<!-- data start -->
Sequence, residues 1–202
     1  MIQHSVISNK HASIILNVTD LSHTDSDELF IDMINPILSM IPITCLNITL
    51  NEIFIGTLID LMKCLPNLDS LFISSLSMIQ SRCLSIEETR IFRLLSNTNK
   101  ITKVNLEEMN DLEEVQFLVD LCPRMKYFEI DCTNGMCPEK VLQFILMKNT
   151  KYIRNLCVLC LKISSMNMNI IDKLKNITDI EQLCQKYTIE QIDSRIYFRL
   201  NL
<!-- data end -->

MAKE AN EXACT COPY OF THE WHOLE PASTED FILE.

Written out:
Sequence, residues 1–202
     1  MIQHSVISNK HASIILNVTD LSHTDSDELF IDMINPILSM IPITCLNITL
    51  NEIFIGTLID LMKCLPNLDS LFISSLSMIQ SRCLSIEETR IFRLLSNTNK
   101  ITKVNLEEMN DLEEVQFLVD LCPRMKYFEI DCTNGMCPEK VLQFILMKNT
   151  KYIRNLCVLC LKISSMNMNI IDKLKNITDI EQLCQKYTIE QIDSRIYFRL
   201  NL